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The F-35B making its first vertical takeoff

Lockheed Martin has revealed that an F-35B fighter jet made its first vertical takeoff on May 10 at Naval Air Station Patuxent River, Maryland. This follows on the heels of its first vertical night landing on April 2 at the same location. The vertical takeoff capability is designed for moving the strike fighter over short distances in an emergency when a runway isn't available, but it is not seen as a combat feature due to its heavy use of fuel.  Read More

The Fusion Plate is designed for quick and easy switching between a tripod and shoulder st...

Combining a quick-release plate made from aerospace grade aluminum and a sturdy flip-up accessory loop, the Fusion Plate is designed to allow photographers to quickly and easily switch between a shoulder strap and tripod.  Read More

By exploiting pressure at the seabed, researchers hope to create stores of energy at the o...

"Imagine opening a hatch in a submarine under water. The water will flow into the submarine with enormous force. It is precisely this energy potential we want to utilize." This is how German engineer Rainer Schramm describes his idea for storing energy under the sea. By using surplus energy to pump water out of a tank at the seabed, the water is simply let back in again when there's an energy shortfall, driving turbines as it rushes in. The deeper the tank, the more power is generated.  Read More

Ricasol's Bra Dryer is designed to protect delicates while drying them quickly

When it comes to drying those delicate and expensive bras, there are generally two options – risking damage in a conventional dryer, or waiting hours while they hang dry. Ricasol aims to create a quick and safe third option with its Bra Dryer 2.0.  Read More

A film still of a bouncing bomb trial (Photo: BAE Systems/SSPL)

It's seventy years to the day since No. 617 Squadron of the Royal Air Force returned from Operation Chastise, in which specially designed bouncing bombs were dropped in an attack on the Möhne, Sorpe and Eder Dams in Germany during World War II. Though the bouncing bomb is without doubt the invention for which Barnes Wallis is most renowned (thanks in no small part to its depiction in the film Dambusters) Wallis' other work before, during, and after World War II was of great importance, and in some cases, far ahead of its time. Gizmag spoke to Dr. Andrew Nahum, Principal Curator of Technology at the Science Museum where many of Wallis' papers are archived, about swing-wing aircraft, earthquake bombs, improbable mathematics lessons, and the geodetic Wellington Bomber.  Read More

Micrograph of the 240 GHz transceiver chip, which measures only 1.5 x 4 mm (Photo: Sandra ...

If you thought 5G wireless was fast at one Gbit/s, how does 40 Gbit/s sound? That's the new wireless data transmission record set by a team of engineers in Germany using integrated solid state mm-wave transceivers. This data transmission rate was demonstrated over a distance of 1 km (0.6 miles) and it is hoped that such links could be used to close gaps between optical networks in rural areas at a fraction of the cost of installing optical fiber.  Read More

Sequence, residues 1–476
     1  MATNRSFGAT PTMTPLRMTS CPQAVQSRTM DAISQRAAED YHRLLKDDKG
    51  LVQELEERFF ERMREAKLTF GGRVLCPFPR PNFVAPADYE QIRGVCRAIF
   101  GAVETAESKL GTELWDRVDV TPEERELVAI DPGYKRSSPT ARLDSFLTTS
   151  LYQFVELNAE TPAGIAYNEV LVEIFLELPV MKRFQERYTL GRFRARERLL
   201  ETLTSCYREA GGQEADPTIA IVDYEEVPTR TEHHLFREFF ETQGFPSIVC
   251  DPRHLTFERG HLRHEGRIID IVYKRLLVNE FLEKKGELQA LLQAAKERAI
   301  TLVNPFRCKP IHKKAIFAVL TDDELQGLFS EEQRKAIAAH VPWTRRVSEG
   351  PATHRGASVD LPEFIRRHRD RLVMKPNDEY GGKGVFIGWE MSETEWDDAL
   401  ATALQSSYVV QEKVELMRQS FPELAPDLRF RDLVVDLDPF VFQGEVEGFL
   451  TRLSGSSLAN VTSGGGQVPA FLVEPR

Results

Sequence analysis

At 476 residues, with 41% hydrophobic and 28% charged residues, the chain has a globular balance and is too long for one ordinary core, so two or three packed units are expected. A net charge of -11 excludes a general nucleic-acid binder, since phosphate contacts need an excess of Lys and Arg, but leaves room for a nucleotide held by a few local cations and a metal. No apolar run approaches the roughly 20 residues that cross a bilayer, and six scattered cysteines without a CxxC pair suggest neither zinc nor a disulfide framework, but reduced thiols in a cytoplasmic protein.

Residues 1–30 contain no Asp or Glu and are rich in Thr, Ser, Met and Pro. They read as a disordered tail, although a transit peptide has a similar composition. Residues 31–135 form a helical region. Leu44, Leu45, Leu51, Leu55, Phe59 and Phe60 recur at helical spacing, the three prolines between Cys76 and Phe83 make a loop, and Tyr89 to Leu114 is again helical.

The engine on its 4-hour journey

Eighty Danish Lego devotees got together on May 10 and 11 to help one Henrik Ludvigsen with his plan to build the world's longest plastic toy train track.  Read More

Amanda Ghassaei recently programmed a laser cutter to carve playable records from wood and...

Not too long ago, Amanda Ghassaei from Instructables caught our attention when she constructed several playable records with a 3D printer. By sending raw audio data through a custom script, she was able to automatically generate 3D designs for a printer to follow – albeit with crude results. Recently, Ghassaei programmed a new code that let her substitute the 3D printer for a laser cutter to carve functional records from wood and other materials.  Read More

Porsche's latest 918 Spyder

Before there was a Porsche Panamera plug-in, there was the 918 Spyder plug-in hybrid. And while the Panamera S E-Hybrid might make it to market first, the 918 is on the way, too. This week, Porsche revealed new details about the race-inspired track rocket, which serves as its most advanced, expensive sports car ever.  Read More

Gordon E. Moore Award winner Ionut Budisteanu (center), with Intel Foundation Young Scient...

While companies like Google, BMW, Audi and Volkswagen pour millions into developing self-driving car technology with expensive components, 19-year-old Romanian high school student Ionut Budisteanu has designed an autonomous vehicle system that would cost just US$4,000. Budisteanu’s design took out the Gordon E. Moore Award in the Intel International Science and Engineering Fair to pocket him a sweet $75,000.  Read More

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